By Dr. Ink
If you’re a nine-to-fiver, the happy hour at South Park Brewing Company isn’t for you because it ends by the time weekday rush hour begins. But for the self-employed, unemployed and retired, they get to drink the company’s signature brews for $4 a glass, over the course of four hours, starting at noon, five days a week.
When meeting up with a friend, our work schedules caused us to miss happy hour by a long shot. But this was “tostada Tuesday,” which means you can land a beer at the bargain price with the purchase of a tostada for $2.75.
The long work day had thrown me in the mood for something strong and dry. So I ordered a glass of South Park’s Finest City IIPA, boasting 9.3 percent alcohol. Bingo. After several sips, my brain swell quickly diminished and I succumbed to ordering four tostadas from the fish counter that sits opposite the bar.
Fresh seafood from Catalina Offshore is part of the draw at this hip, neighborhood brewery, which shares ownership with Hamilton’s Tavern next door. The fish is displayed in a traditional market case fronting a busy kitchen that prepares sandwiches, salads and entrees, none of which receive happy-hour discounts.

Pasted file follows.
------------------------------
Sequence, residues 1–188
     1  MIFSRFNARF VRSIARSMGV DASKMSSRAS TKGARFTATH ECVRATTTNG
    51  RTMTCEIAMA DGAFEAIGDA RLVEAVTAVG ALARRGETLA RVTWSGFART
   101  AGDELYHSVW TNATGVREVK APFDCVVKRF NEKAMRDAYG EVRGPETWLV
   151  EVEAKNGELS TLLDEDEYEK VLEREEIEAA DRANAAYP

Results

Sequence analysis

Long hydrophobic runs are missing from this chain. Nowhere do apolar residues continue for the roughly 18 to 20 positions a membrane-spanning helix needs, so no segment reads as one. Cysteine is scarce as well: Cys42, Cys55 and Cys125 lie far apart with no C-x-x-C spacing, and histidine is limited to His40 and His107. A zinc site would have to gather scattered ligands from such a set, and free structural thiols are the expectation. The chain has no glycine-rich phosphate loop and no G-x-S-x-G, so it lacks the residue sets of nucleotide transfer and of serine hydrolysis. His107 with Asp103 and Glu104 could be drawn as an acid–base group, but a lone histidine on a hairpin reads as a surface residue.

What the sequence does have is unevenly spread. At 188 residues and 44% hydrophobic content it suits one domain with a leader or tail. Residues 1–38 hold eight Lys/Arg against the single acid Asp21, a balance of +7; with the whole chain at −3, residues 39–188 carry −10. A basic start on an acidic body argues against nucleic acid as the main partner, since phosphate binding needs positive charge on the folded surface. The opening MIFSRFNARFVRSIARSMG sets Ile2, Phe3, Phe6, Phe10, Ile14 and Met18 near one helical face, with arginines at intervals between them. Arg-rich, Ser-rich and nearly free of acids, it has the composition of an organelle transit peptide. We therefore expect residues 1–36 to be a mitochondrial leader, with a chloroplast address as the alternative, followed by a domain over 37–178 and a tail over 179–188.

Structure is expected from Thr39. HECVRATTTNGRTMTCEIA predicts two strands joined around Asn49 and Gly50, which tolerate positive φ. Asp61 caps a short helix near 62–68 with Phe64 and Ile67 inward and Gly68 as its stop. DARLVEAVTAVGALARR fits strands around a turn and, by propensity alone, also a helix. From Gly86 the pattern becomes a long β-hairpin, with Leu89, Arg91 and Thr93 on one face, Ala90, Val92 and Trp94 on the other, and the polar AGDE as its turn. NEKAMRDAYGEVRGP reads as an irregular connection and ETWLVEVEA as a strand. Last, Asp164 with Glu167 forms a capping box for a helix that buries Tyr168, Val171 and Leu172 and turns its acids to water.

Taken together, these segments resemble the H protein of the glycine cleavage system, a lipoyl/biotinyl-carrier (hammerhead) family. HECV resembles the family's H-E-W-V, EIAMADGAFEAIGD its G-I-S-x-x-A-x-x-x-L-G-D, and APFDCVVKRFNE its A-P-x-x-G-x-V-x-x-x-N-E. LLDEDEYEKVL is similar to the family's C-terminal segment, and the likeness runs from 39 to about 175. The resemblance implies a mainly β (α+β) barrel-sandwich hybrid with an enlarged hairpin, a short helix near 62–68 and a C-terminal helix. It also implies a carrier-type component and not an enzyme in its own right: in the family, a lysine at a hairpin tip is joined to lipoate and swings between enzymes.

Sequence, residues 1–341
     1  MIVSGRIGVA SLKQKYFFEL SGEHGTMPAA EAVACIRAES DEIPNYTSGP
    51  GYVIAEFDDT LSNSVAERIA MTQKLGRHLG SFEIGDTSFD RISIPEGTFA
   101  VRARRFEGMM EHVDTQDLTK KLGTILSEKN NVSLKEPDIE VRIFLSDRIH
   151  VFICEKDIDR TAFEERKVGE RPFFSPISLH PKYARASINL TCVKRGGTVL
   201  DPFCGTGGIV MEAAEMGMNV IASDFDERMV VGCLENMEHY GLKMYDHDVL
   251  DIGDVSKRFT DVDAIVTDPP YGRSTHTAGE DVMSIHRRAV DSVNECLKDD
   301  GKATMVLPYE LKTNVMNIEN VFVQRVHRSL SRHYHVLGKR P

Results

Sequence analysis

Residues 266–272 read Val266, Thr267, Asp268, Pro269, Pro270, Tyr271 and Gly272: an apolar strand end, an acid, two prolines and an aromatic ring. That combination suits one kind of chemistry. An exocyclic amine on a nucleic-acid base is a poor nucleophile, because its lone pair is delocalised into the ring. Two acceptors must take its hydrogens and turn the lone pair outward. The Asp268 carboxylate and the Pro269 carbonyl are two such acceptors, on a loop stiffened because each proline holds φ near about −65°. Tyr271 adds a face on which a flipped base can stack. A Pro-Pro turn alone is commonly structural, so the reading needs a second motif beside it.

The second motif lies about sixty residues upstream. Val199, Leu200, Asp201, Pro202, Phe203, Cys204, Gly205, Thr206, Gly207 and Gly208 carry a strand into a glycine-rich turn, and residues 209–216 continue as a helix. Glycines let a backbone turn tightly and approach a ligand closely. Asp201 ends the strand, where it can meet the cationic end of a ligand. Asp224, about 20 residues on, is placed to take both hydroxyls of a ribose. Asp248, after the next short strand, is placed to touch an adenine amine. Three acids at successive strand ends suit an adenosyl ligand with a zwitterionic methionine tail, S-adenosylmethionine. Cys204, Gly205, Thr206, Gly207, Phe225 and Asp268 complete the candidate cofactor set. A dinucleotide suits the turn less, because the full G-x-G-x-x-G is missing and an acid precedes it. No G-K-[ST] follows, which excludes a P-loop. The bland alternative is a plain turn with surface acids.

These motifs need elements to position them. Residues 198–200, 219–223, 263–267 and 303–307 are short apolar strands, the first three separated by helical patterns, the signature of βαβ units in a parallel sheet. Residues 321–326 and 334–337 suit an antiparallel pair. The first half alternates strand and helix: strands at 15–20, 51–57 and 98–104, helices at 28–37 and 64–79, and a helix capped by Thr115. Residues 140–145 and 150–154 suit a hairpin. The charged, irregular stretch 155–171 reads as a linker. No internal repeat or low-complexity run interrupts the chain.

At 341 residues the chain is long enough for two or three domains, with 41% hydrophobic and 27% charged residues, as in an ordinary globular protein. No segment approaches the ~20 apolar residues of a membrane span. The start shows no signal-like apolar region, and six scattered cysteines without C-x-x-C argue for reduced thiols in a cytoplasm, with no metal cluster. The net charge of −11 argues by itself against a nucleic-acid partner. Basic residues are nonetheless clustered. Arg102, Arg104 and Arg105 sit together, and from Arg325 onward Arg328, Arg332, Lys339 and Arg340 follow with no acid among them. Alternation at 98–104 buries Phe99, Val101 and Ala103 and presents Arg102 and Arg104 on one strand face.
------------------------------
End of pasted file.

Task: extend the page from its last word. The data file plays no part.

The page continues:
On the other side of the room are big, shiny tanks looming over the bar. They’re used for brewing about a half dozen beers that include orange roughy, IPA, stout and a spunky, peppery saison I savored (at happy hour price) in a subsequent visit on a precious day off.
The tostadas we chose were cute and crispy. They’re served in little cardboard vessels. The ones topped with ceviche and shrimp were bright and tangy, but the bean and cheeser tasted bland until dousing it with hot sauce from the condiment counter. With nearly 10 tostadas to choose from, each lists a recommended beer match.
South Parkers who drop in regularly know the general system of operation. First timers, however, might get confused by the lack of wait service. Basically, you pony up to the bar to order and pay for beer, and then bounce over to the fish station to order and purchase food.
Open seating extends mostly to large communal tables, both inside and on the dog-friendly front patio. Unlike so many San Diego breweries that operate in sterile office parks, this is a tasting room filled with community spirit and ocean-fresh chow that isn’t sold from a food truck.